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Chapter 6 A Tour of the Cell.

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1 Chapter 6 A Tour of the Cell

2 Overview: The Importance of Cells
All organisms are made of cells The cell is the simplest collection of matter that can live Cell structure is correlated to cellular function All cells are related by their descent from earlier cells

3 Concept 6.1: To study cells, biologists use microscopes and the tools of biochemistry
Though usually too small to be seen by the unaided eye, cells can be complex

4 Microscopy Scientists use microscopes to visualize cells too small to see with the naked eye In a light microscope (LM), visible light passes through a specimen and then through glass lenses, which magnify the image The minimum resolution of an LM is about 200 nanometers (nm), the size of a small bacterium

5 LE 6-2 10 m Human height 1 m Length of some nerve and muscle cells
Unaided eye Chicken egg 1 cm Frog egg 1 mm Measurements 1 centimeter (cm) = 10–2 meter (m) = 0.4 inch 1 millimeter (mm) = 10–3 m 1 micrometer (µm) = 10–3 mm = 10–6 m 1 nanometer (nm) = 10–3 µm = 10–9 m 100 µm Most plant and animal cells Light microscope 10 µm Nucleus Most bacteria Mitochondrion 1 µm Smallest bacteria Electron microscope 100 nm Viruses Ribosomes 10 nm Proteins Lipids 1 nm Small molecules Atoms 0.1 nm

6 LMs can magnify effectively to about 1,000 times the size of the actual specimen
Various techniques enhance contrast and enable cell components to be stained or labeled Most subcellular structures, or organelles, are too small to be resolved by a LM

7 Brightfield (unstained specimen)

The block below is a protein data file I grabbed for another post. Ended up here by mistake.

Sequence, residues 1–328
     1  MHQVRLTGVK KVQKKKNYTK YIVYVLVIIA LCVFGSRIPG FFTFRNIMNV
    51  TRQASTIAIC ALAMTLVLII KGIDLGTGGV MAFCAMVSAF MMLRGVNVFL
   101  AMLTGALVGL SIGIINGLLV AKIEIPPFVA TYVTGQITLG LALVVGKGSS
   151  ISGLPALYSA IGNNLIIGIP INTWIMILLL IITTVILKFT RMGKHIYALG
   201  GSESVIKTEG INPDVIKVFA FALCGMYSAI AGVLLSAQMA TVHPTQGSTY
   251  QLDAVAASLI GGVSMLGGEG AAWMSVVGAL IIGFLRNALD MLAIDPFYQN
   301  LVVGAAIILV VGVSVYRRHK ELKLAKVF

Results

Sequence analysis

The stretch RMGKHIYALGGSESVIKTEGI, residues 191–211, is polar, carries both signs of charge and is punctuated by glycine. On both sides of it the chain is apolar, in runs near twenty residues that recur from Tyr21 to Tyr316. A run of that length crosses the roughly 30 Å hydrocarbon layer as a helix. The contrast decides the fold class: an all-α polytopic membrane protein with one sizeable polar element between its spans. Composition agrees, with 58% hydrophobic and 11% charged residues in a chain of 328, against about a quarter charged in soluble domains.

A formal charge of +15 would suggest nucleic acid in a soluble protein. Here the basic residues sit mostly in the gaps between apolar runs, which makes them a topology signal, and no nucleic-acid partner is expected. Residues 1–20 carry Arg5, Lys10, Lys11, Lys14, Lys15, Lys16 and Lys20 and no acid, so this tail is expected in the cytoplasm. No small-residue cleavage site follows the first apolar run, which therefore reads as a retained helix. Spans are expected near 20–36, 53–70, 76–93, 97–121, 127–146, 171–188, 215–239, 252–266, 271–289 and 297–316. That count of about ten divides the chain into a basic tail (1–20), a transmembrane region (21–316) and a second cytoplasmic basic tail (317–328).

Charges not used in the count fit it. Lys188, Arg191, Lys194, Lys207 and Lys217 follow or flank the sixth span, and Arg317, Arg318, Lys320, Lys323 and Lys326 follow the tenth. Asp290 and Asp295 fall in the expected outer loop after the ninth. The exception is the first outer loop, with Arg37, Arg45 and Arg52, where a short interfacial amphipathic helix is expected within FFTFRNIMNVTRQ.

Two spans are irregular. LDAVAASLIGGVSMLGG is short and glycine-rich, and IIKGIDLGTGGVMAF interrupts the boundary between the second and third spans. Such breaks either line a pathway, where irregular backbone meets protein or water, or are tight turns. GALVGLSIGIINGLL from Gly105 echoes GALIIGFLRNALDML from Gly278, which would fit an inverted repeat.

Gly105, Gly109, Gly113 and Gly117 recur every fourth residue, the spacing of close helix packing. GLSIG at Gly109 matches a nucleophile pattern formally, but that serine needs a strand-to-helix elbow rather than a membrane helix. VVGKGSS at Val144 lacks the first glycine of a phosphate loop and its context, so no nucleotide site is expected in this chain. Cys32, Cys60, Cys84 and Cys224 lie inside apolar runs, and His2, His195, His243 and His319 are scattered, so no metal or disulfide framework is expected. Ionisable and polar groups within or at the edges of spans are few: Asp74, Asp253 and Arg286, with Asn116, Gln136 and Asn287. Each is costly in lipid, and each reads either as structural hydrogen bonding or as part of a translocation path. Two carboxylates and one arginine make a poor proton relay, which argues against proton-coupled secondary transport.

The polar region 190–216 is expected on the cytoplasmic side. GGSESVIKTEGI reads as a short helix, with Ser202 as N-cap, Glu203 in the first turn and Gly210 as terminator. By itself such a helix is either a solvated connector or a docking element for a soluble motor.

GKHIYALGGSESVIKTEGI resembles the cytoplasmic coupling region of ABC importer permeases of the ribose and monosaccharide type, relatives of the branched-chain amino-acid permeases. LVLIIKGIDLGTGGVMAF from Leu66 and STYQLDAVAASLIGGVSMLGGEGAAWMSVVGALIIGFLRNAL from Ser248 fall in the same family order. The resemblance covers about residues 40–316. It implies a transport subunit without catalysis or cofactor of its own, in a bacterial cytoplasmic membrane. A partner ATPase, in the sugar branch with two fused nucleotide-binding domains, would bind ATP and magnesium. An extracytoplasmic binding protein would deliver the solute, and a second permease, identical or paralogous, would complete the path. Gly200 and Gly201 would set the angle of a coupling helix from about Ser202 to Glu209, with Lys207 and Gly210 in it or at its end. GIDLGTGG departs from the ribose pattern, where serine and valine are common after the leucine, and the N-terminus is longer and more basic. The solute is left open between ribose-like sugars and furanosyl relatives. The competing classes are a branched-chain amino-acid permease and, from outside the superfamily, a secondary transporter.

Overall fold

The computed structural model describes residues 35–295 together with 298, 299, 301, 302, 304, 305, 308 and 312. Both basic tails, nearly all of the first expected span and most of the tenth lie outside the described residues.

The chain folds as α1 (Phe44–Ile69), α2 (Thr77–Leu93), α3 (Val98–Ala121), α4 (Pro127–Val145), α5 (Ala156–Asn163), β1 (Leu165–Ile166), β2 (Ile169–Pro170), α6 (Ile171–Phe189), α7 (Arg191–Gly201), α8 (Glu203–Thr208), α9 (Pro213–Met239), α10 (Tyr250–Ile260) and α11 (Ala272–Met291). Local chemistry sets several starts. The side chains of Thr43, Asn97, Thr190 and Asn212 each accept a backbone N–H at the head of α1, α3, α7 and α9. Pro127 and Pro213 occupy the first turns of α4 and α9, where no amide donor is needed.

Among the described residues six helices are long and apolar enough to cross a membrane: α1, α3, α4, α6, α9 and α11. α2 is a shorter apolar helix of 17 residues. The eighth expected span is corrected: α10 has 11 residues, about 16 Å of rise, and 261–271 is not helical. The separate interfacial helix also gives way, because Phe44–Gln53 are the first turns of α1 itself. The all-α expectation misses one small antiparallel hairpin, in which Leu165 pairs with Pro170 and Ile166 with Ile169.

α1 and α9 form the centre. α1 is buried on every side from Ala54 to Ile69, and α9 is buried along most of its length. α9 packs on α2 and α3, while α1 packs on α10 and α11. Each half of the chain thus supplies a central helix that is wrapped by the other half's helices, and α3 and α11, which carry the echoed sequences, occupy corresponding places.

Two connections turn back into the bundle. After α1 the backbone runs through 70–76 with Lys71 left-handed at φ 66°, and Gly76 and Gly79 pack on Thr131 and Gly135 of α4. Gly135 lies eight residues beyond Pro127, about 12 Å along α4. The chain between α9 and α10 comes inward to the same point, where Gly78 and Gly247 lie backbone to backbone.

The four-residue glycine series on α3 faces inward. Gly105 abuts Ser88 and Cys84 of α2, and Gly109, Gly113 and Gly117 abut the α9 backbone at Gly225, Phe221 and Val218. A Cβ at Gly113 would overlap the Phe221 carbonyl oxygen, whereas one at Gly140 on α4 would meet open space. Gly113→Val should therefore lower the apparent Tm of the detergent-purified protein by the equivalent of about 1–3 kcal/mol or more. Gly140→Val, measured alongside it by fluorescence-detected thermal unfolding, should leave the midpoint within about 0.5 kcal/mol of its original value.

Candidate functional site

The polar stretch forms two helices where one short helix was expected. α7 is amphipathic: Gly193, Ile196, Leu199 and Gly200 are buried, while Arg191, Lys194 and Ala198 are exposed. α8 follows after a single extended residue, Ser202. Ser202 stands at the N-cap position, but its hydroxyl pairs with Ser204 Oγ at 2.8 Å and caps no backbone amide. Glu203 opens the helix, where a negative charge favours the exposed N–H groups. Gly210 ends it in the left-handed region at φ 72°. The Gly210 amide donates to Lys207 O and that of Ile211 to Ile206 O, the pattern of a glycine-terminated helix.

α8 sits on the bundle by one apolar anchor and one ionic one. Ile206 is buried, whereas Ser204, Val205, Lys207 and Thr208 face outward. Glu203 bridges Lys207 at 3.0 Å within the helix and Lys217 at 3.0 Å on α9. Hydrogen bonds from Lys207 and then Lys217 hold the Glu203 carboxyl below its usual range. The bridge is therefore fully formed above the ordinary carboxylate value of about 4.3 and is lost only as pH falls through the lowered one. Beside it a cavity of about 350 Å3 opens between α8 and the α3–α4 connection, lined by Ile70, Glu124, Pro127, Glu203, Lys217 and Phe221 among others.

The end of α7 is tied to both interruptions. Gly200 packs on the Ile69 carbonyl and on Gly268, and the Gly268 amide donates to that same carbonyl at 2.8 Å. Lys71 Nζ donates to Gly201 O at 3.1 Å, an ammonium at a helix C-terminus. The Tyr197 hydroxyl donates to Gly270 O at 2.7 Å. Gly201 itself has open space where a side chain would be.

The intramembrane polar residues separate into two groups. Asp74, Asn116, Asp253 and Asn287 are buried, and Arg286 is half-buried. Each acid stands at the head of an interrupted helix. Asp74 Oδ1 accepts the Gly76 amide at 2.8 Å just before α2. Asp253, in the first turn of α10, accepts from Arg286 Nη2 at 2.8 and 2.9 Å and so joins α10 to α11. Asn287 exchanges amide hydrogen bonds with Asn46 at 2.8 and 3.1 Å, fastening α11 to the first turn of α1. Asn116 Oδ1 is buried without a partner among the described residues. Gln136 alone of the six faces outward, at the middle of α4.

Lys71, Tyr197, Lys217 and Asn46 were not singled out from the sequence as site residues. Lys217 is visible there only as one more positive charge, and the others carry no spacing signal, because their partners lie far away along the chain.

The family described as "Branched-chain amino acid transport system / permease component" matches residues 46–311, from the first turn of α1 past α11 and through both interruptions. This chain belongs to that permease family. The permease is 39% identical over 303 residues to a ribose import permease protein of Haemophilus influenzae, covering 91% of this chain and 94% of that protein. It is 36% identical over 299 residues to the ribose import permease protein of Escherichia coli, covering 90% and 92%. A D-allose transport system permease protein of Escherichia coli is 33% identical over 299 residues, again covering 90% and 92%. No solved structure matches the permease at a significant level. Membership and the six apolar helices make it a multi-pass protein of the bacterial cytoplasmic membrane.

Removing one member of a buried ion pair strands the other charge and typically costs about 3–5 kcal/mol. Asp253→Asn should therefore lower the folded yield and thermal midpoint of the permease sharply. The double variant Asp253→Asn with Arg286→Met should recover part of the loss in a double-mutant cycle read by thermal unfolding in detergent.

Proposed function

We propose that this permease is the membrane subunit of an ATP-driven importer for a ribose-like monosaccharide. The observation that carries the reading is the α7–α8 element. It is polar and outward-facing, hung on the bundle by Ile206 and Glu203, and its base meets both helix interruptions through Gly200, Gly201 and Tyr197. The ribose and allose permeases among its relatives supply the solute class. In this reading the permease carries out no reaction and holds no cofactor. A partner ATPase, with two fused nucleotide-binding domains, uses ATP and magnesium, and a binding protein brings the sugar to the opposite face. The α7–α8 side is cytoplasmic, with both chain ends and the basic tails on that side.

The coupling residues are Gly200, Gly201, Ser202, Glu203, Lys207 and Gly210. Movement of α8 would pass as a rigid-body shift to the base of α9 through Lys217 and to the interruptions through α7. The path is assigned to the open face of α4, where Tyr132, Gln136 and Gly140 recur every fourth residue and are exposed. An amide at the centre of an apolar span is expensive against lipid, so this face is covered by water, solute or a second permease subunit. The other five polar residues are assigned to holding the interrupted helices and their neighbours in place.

LE 6-3a Brightfield (unstained specimen) 50 µm Brightfield (stained specimen) Phase-contrast

8 Differential- interference- contrast (Nomarski) Fluorescence 50 µm
LE 6-3b Differential- interference- contrast (Nomarski) Fluorescence 50 µm Confocal 50 µm

9 Two basic types of electron microscopes (EMs) are used to study subcellular structures
Scanning electron microscopes (SEMs) focus a beam of electrons onto the surface of a specimen, providing images that look 3D Transmission electron microscopes (TEMs) focus a beam of electrons through a specimen TEMs are used mainly to study the internal ultrastructure of cells

10 LE 6-4 Scanning electron 1 µm microscopy (SEM) Cilia
Transmission electron microscopy (TEM) Longitudinal section of cilium Cross section of cilium 1 µm

11 Isolating Organelles by Cell Fractionation
Cell fractionation takes cells apart and separates the major organelles from one another Ultracentrifuges fractionate cells into their component parts Cell fractionation enables scientists to determine the functions of organelles

12 Differential centrifugation
LE 6-5a Homogenization Tissue cells Homogenate Differential centrifugation

13 LE 6-5b 1000 g (1000 times the force of gravity) 10 min
Supernatant poured into next tube 20,000 g 20 min 80,000 g 60 min Pellet rich in nuclei and cellular debris 150,000 g 3 hr Pellet rich in mitochondria (and chloro- plasts if cells are from a plant) Pellet rich in “microsomes” (pieces of plasma membranes and cells’ internal membranes) Pellet rich in ribosomes

14 Concept 6.2: Eukaryotic cells have internal membranes that compartmentalize their functions
The basic structural and functional unit of every organism is one of two types of cells: prokaryotic or eukaryotic Only organisms of the domains Bacteria and Archaea consist of prokaryotic cells Protists, fungi, animals, and plants all consist of eukaryotic cells

15 Comparing Prokaryotic and Eukaryotic Cells
Basic features of all cells: Plasma membrane Semifluid substance called the cytosol Chromosomes (carry genes) Ribosomes (make proteins)

16 Prokaryotic cells have no nucleus
In a prokaryotic cell, DNA is in an unbound region called the nucleoid Prokaryotic cells lack membrane-bound organelles

17 A thin section through the bacterium Bacillus coagulans (TEM)
LE 6-6 Pili Nucleoid Ribosomes Plasma membrane Cell wall Bacterial chromosome Capsule 0.5 µm Flagella A typical rod-shaped bacterium A thin section through the bacterium Bacillus coagulans (TEM)

18 Eukaryotic cells have DNA in a nucleus that is bounded by a membranous nuclear envelope
Eukaryotic cells have membrane-bound organelles Eukaryotic cells are generally much larger than prokaryotic cells The logistics of carrying out cellular metabolism sets limits on the size of cells